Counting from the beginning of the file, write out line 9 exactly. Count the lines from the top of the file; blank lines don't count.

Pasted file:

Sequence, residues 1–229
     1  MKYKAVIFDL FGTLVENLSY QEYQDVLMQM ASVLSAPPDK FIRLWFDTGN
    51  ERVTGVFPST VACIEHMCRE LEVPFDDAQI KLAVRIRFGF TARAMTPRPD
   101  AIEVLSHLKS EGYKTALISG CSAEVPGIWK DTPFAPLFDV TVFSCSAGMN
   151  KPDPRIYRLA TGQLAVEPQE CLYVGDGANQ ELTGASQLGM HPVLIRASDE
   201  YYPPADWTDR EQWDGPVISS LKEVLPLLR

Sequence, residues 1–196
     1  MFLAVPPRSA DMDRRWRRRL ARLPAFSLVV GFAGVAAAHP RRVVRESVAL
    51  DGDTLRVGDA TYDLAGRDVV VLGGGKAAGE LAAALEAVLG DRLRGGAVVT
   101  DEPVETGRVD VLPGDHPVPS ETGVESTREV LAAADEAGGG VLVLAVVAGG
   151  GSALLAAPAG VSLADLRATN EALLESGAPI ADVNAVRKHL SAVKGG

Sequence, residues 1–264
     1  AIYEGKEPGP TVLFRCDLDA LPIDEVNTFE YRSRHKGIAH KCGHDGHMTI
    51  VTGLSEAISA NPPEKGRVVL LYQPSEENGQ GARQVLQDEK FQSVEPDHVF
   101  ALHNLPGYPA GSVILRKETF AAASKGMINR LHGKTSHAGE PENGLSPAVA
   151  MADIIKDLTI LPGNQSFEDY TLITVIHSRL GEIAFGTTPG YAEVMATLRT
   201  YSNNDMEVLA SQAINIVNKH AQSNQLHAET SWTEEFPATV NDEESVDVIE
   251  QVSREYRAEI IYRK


    51  DGDTLRVGDA TYDLAGRDVV VLGGGKAAGE LAAALEAVLG DRLRGGAVVT